Ghazal 15, Verse 1

{15,1}

shab kih barq-e soz-e dil se zahrah-e abr aab thaa
shu((lah-e javvaalah har ik ;halqah-e girdaab thaa

1) last night, when/since from the lightning of the burning of the heart the cloud's {fear was great / gall-bladder was water}
2) every single circle of the whirlpool was a blazing flame

Notes:

zahrah : ' Gall-bladder; bile; --boldness, spirit, pluck'. (Platts p.619)

 

zahrah aab honaa : ''The gall to turn to water,' to be much distressed or terrified, to be panic-stricken, to take fright'. (Platts p.619)

 

girdaab : 'Whirlpool, abyss, gulf, vortex'. (Platts p.903)

Nazm:

This was only the effect of the burning of my heart. (15)

== Nazm page 15

Vajid:

Urdu text: Vajid 1902 {15}

Josh:

This ghazal has been called 'continuous'. In every single verse events and scenes only of the night of separation have been depicted. (68) [Josh is speaking of verses 1-8 only; he takes 9-15 to be a separate ghazal.]

Chishti:

The excellence of the verse is only in pushing exaggeration to the limit of its range. The poet has shown the perfection of inventiveness. First he has supposed the cloud to be a person. Then he has shown that he has a gall-bladder. He has made the gall-bladder melt into water and run off, and in it he has shown the spectacle of a blazing flame. (290)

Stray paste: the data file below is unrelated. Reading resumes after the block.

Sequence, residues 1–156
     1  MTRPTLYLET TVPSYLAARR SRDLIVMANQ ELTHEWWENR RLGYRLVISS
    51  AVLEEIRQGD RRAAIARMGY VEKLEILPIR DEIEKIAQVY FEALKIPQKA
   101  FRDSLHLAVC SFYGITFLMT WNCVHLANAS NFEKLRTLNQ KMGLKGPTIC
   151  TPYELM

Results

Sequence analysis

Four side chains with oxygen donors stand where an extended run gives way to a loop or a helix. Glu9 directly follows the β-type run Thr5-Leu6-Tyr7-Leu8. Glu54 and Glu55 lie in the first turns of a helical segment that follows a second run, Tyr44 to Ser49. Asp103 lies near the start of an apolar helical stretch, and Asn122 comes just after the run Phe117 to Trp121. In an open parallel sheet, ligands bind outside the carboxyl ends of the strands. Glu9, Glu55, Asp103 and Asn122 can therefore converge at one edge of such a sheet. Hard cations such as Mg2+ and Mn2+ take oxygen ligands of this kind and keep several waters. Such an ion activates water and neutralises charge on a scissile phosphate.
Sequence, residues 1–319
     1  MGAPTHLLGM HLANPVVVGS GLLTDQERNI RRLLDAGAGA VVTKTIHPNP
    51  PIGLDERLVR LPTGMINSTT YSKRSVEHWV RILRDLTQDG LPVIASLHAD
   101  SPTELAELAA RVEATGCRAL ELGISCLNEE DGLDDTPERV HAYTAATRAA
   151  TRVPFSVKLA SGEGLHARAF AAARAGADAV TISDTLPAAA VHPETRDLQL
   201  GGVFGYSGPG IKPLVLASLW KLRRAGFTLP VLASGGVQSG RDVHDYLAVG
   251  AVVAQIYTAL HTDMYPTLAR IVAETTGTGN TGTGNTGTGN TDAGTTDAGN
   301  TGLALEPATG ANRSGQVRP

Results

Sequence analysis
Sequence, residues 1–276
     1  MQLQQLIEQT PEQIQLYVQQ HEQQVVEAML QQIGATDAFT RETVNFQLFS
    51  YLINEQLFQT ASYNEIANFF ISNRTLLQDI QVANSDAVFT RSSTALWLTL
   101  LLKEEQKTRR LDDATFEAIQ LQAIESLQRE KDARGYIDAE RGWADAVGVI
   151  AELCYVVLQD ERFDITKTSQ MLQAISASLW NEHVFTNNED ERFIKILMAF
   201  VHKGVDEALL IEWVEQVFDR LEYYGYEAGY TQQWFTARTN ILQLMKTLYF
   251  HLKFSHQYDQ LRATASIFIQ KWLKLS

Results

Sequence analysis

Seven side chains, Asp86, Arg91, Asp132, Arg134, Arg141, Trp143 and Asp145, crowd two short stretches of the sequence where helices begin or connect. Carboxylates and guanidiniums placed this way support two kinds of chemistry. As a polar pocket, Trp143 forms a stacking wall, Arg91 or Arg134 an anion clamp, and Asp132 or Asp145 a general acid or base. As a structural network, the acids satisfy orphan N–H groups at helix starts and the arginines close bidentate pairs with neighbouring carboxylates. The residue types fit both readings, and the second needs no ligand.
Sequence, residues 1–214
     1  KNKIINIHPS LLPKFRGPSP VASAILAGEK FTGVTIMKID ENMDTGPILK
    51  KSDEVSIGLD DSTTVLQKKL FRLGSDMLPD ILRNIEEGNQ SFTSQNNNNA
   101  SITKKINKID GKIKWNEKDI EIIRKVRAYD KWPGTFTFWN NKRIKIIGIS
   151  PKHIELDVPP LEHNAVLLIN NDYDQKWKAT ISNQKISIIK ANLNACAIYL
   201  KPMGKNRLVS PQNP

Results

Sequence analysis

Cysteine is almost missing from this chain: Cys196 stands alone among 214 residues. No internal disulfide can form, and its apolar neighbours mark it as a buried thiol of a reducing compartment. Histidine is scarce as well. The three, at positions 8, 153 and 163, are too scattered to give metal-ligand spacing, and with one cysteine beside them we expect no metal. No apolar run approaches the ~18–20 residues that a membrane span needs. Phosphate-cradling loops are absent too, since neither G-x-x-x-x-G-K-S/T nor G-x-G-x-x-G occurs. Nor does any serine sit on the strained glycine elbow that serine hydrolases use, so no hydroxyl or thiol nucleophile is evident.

FWP:

SETS == IDIOMS; KIH
LIGHTNING: {10,6}

FORMALLY IDENTICAL GHAZALS: Some editions of the divan divide this long ghazal into two separate but formally identical [ham-:tar;h] ghazals: verses 1-8 as the first, and verses 9-15 as the second. (Verse 8 is not a closing-verse, but verse 9 is an opening-verse, so formally the case is a bit ambiguous.) As always, I follow Hamid and Arshi, both of whom treat it as a single long ghazal. A similar (though weaker) case: {97} and {98}, which are formally identical and are sometimes treated as a long single ghazal, even though each has its own opening-verse and closing-verse. Formally identical ghazals have the same meter, rhyme, and refrain. Some other examples of formally identical pairs of ghazals composed by Ghalib, including both published and unpublished ones: {3}; {29}; {81}; {91}. More examples can be found by consulting the indices of the unpublished ghazals. There are also cases in which he himself combined parts of two different ghazals into a new one for publication: {3}; {4}, {6}, {24}, {108}, {190}, {214}, and {226}.

The verse features a form of enjoyable wordplay (the 'concretization' of an idiom, as the cloud's gall-bladder literally, rather than metaphorically, 'turns to water' with fear. It's also an exercise in hyperbole (the cloud, made of water, fears the fire of the lover's heart); and it offers the arresting vision of a whirlpool with a heart of flame. But without the enjoyable use made of idiom 'the gall to turn to water', the verse really wouldn't have much to offer.

Note for meter fans: The verse has a really clunky bit of scansion in abr aab , which with word-grafting comes out sounding like 'ab-RAA-b'. The abr almost fades away and seems to blend into the phantom word raab . There's nothing illegal about this, but it's distracting, awkward, and definitely no fun to say.